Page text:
Deliver on full-day kindergarten promise parties told

    TORONTO, Oct. 3 /CNW Telbec/ - A cross section of Ontario's who's who has
released an open letter calling on the political parties in the next
legislature to prioritize the promise of full-day kindergarten. Both the
Liberals and the New Democrats have committed new funding to turn half day
programs for four and five year olds into a full-school day.
    "Flying under the radar in this election is one of the most
transformational plans to hit public education in many decades," says the
Honourable Margaret McCain, a sponsor of the letter. "Full-day kindergarten is
about better health, fairness, equity and a best start on a lifetime of
    The petition, signed by over 60 individuals and organizations, demands
quick action, adequate funding, a design that recognizes parents' work
commitments and immediate financial help for Ontario's floundering child care

    Letter and signatories follow.

             An Open Letter to all the political parties in the
           2007 Ontario election campaign on full-day kindergarten
                               and child care

    This provincial election has seen a unique convergence of ideas with two
political parties promising to introduce full-day kindergarten. The strategy
delivers a double benefit. First, it provides free access to consistent
quality programming for all four and five year olds. Second, it releases
almost 42,000 child care spaces and 17,000 subsidies to address the child care
needs of other age groups.
    Ontario needs a comprehensive early learning and child care system for
children from 0-12, and beginning with four and five year olds make sense.
This approach starts where Ontario's early childhood services are already
publicly-funded and attended by virtually all age-eligible children. It
maximizes resources by adding new funding to an existing half-day program to
create a full school-day of early learning and child care.
    Publicly funded, full-day kindergarten provides a foundation for life-long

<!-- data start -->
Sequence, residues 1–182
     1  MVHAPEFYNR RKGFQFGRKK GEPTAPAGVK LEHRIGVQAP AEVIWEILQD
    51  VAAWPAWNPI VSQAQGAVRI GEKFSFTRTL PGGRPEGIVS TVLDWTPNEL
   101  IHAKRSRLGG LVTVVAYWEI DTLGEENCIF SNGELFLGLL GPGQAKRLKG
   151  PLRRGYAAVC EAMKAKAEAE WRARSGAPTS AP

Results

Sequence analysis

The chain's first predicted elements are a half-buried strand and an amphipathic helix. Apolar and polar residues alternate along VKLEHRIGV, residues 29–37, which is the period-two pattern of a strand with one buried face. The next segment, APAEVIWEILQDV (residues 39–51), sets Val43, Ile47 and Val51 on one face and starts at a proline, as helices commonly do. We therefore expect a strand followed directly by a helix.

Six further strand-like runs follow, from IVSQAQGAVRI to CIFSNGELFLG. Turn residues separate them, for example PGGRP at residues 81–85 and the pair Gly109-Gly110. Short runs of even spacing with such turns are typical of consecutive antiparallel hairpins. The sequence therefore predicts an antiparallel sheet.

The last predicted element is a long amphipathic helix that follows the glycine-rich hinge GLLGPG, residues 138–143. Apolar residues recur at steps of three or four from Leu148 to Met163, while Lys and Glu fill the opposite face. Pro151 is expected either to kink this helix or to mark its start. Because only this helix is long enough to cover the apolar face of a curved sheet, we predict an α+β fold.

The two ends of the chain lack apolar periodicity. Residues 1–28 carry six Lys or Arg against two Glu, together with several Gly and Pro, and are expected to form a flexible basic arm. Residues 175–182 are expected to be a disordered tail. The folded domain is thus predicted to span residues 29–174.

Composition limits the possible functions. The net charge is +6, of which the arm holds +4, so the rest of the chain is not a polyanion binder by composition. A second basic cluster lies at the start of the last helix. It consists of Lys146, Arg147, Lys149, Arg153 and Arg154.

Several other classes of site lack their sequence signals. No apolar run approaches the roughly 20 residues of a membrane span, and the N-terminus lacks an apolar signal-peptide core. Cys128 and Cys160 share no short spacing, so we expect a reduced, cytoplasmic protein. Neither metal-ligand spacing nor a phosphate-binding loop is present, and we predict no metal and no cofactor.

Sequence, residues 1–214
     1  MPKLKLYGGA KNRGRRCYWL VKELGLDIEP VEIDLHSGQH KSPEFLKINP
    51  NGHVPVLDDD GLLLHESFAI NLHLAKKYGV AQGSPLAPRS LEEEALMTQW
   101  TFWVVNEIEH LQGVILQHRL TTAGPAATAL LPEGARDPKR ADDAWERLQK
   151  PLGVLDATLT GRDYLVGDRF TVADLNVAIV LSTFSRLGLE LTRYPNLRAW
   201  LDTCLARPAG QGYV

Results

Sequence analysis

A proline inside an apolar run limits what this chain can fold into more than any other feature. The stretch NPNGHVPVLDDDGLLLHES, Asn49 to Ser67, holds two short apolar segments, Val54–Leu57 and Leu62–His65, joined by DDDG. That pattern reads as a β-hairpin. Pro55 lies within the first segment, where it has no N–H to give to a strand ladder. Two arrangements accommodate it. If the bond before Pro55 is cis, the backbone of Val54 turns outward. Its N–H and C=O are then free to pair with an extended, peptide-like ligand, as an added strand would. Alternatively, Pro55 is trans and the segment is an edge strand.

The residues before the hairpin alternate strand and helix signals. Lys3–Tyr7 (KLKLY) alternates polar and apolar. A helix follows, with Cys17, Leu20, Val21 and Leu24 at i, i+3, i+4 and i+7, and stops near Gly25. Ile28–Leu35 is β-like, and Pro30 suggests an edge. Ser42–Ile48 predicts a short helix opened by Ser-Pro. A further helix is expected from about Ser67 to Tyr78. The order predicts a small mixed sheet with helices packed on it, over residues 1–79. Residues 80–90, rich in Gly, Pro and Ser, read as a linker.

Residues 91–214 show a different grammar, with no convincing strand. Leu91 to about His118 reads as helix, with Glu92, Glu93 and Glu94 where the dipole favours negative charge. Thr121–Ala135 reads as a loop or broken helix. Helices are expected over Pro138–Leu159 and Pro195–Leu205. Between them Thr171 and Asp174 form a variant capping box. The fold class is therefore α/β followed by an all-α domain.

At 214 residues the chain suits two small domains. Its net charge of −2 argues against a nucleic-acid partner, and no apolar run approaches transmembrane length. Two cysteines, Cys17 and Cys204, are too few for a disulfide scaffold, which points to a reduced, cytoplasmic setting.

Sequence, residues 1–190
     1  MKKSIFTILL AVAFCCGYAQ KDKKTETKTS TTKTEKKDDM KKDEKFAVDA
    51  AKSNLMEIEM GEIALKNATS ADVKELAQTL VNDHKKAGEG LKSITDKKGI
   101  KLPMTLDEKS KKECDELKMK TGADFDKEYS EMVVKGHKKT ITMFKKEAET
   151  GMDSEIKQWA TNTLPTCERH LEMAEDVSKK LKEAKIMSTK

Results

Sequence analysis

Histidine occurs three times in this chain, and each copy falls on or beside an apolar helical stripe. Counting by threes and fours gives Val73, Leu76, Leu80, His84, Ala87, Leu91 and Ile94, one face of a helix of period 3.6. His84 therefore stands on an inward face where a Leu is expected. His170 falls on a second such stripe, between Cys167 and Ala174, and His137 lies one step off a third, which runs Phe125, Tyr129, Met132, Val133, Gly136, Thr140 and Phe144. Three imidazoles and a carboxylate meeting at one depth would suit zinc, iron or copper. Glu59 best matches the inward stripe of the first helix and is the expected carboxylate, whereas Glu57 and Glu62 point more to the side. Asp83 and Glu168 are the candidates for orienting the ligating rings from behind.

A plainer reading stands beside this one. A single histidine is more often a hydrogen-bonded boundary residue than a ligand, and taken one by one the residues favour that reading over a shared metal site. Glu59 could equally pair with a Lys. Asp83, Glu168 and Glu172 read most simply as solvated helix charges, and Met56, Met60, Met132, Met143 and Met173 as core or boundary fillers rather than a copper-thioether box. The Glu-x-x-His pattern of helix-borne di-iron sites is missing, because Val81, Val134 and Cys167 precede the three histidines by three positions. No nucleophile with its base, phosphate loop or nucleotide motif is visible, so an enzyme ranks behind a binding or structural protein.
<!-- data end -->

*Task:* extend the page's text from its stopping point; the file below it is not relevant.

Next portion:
learning, support for working families and helps reduce child poverty.
Universal kindergarten is an environment where young children learn to respect
diversity, thereby supporting social inclusion in an increasingly diverse
Ontario. It is a critical part of the social justice agenda that Ontarians
    Full-day kindergarten is clearly a bold and intelligent policy initiative,
celebrated by Ontario parents and meeting the approval of critical
stakeholders. Doing it right, however, will require that full-day kindergarten
is firmly entrenched in a broad, long-term and visionary plan for early
childhood education and child care. If this program is to be truly optimal for
children and families, the next Ontario government must take several
additional actions.
    The undersigned are calling on all the political parties in this election
to make young children a first priority by committing to:

    - Fast-tracking implementation of the full-day kindergarten so it
      becomes fully operational for all four and five year olds during the
      next mandate
    - Adequately funding a child-focused, play-based curriculum delivered by
      appropriately trained and compensated professionals
    - Ensuring that the design of the new kindergarten program acknowledges
      the labour force commitments of parents through a seamless approach to
      full workday, full-year early learning and child care.
    - Providing immediate funding to address quality and stability issues in
      existing full day kindergarten and child care programs serving infants,
      toddlers and school-age children.

    Sincerely yours,